The only other fiscal incentive for Autogas is a small discount of £10 ($13) or £25 ($33) depending in vehicle size on the annual road tax for Autogas vehicles converted by a UKLPG approved installer.

Other initiatives to encourage Autogas are in place at the local level. In London, the transport authority, Transport for London, has accepted to extend the life of a black cab by five years if it is converted to Autogas (and complies with Euro-6 standards) in order to operate within the ultra-low emission zone (ULEZ) – an area of central London within which vehicles all vehicles will need to meet exhaust emission standards by 2020 or pay a daily charge to travel. At present, Euro-5, Euro-4 and Euro-3 taxi operators have to retire their vehicles at 12 years. From 2018, all newly licensed taxis and private hire vehicles have had to meet the new emission standards.1 In addition, in December 2018, the Mayor of London doubled to £5 million ($6.7 million) the existing £2.5 million ($3.3 million) grant funding for repowering London TX4 Euro-5 taxis to Autogas and announced plans to invest an extra £24 million ($32 million) to help more black-cab taxi drivers switch to alternative fuel vehicles.

Clean Air Zones, affecting commercial vehicles only, are due to be introduced in five other UK cities –Birmingham, Leeds, Nottingham, Derby and Southampton – by 2020. In these zones, all Autogas vehicles that comply with Euro-6 standards will be exempt from any charges.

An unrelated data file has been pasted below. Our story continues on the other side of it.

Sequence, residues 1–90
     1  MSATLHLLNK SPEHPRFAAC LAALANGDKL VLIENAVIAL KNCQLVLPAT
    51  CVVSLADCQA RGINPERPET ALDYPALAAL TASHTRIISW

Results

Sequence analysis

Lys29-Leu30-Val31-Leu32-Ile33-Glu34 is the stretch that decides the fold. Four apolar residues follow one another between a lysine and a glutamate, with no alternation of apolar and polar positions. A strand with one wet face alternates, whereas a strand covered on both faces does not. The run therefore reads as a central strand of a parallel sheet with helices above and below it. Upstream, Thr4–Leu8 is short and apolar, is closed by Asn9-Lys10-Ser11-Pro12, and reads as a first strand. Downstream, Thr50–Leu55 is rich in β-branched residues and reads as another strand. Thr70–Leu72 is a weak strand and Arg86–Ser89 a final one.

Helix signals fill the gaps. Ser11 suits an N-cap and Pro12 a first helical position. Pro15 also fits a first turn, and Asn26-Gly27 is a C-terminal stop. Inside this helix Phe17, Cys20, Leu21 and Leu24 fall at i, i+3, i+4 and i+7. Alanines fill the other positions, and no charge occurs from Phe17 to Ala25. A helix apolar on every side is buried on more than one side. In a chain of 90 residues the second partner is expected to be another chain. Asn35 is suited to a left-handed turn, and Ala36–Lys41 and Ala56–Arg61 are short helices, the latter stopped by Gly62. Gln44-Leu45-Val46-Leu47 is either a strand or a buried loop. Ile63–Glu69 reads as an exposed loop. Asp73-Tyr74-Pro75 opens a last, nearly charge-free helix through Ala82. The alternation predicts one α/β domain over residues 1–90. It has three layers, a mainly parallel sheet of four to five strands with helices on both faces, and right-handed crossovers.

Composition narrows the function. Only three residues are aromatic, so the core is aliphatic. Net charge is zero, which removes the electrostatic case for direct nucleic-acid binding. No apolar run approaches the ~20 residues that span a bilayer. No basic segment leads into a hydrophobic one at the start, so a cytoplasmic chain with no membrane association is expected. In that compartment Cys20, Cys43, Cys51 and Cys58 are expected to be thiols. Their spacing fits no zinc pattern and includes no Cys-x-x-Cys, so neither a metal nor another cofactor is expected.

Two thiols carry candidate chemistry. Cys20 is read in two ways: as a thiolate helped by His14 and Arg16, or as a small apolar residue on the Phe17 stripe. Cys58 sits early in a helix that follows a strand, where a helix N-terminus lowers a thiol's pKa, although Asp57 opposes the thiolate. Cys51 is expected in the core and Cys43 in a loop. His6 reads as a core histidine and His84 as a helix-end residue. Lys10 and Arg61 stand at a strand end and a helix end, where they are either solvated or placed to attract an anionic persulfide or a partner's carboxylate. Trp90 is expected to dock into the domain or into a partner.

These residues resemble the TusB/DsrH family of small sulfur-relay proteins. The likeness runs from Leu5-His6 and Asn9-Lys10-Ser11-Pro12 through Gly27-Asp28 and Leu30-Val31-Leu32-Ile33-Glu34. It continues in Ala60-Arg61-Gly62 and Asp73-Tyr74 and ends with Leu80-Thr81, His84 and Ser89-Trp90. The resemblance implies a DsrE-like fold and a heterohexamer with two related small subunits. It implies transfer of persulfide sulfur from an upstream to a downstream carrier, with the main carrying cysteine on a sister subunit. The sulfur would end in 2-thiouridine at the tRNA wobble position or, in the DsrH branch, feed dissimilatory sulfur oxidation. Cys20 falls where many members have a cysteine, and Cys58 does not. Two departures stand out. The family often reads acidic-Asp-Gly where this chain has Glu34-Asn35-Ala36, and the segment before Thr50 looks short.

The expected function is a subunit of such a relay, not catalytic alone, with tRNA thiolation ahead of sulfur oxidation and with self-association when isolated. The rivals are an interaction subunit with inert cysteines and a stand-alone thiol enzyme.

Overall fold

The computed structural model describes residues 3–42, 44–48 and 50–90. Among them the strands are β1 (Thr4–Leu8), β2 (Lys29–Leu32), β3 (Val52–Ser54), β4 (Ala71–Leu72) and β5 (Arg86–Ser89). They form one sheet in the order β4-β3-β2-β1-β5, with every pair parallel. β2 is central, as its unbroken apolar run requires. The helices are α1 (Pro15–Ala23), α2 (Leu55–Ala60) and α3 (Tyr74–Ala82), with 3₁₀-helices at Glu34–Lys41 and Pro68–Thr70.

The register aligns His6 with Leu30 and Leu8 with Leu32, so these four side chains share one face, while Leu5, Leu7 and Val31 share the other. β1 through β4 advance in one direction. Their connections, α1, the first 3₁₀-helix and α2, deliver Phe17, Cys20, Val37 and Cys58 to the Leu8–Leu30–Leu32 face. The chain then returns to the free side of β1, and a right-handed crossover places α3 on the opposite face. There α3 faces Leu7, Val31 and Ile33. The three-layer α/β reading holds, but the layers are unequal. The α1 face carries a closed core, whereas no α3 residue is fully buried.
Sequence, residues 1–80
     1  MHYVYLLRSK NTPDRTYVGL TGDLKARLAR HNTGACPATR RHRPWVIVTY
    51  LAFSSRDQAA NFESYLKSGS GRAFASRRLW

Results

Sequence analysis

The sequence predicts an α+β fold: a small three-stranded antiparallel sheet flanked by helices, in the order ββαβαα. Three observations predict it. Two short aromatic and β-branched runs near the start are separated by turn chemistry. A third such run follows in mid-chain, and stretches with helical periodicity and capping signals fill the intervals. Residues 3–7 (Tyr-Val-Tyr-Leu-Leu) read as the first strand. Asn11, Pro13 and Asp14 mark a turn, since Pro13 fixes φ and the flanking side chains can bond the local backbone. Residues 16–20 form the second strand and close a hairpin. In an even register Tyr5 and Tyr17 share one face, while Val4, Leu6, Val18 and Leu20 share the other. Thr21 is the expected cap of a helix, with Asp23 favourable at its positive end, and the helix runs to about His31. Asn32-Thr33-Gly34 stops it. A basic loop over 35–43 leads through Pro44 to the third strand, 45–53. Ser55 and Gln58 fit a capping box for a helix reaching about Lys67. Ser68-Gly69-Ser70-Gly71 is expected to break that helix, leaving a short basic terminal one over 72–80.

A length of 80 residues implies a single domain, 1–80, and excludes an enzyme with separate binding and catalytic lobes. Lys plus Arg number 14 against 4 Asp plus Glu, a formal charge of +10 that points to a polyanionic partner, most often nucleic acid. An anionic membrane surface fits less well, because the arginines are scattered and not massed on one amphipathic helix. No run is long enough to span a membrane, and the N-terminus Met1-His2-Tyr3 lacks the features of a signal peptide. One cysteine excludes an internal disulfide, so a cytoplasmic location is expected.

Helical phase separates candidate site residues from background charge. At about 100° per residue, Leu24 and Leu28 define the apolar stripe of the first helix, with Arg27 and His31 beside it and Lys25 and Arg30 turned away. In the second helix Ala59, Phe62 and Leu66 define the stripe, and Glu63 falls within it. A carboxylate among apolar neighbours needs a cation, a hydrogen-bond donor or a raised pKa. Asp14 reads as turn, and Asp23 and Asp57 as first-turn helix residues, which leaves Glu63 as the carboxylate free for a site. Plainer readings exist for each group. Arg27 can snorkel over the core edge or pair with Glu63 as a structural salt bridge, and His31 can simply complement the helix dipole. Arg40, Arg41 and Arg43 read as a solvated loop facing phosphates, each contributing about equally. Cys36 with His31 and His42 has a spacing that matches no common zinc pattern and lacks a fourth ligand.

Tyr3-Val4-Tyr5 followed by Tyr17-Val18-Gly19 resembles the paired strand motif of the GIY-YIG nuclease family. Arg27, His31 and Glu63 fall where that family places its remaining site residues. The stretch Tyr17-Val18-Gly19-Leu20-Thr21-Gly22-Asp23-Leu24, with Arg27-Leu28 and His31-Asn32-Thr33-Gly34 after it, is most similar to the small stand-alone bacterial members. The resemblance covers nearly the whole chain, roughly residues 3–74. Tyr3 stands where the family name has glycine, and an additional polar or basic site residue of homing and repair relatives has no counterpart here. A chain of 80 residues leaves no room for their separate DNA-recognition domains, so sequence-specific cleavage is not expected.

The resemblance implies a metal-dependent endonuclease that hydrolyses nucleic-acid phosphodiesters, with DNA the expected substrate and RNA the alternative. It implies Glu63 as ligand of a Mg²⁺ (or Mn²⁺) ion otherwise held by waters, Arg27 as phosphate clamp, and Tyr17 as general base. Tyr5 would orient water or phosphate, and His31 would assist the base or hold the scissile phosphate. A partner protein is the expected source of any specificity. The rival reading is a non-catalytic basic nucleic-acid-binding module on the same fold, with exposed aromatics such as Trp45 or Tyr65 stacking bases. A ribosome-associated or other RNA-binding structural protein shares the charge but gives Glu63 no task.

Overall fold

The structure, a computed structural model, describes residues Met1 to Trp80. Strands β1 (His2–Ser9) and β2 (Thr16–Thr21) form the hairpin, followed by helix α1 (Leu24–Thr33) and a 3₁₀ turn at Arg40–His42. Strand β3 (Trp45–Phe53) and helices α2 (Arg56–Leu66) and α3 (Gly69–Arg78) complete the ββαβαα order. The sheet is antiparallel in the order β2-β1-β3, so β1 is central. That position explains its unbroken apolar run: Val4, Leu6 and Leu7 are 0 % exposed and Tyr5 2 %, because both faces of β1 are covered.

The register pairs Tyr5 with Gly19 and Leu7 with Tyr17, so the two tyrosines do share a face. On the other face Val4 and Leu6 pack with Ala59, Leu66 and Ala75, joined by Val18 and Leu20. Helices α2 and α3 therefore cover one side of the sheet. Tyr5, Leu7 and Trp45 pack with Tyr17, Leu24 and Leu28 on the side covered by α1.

The UK government published in July 2017 an Air Quality Plan, which is predominantly aimed at reducing NOx emissions in urban areas. Under the plan, a new Clean Air Fund was set up to provide funding for local authority initiatives, such as retrofitting buses to run on alternative fuels, including Autogas. A total of £220 million ($290 million) of funding has been allocated by the government for the period 2018-2021.2 In addition, the government has launched a consultation process to determine a Clean Air Strategy. Possible measures include the introduction of special incentives for vans to switch to cleaner fuels like Autogas.

In 2018, the UK government issued a paper called The Road to Zero3, which identifies Autogas as a credible alternative to diesel in urban driving conditions and proposes measures to unlock investment in this technology. The UK Low Carbon Vehicle Partnership also launched the Clean Vehicle Retrofit Accreditation Scheme, which includes the LPG option4.


Competitiveness of Autogas against other fuels

A converted Autogas LDV breaks even with an equivalent gasoline-powered vehicle at around 52 000 km – or three to four years of driving for a typical private motorist – based on an average conversion costs of about £1 500 ($2 000) and average 2018 fuel prices (Figure B24.2).

Running costs of a non-commercial LDV, 2017 – UK

Diesel breaks even with gasoline at 78 000 km but is never competitive with Autogas, assuming that a new diesel vehicle costs £1 500 more than a gasoline one. This analysis suggests that Autogas is a more attractive option for high-mileage vehicle owners, such as fleet operators, than diesel, especially in view of the likelihood of new measures to discourage the purchase and use or diesel for air quality reasons.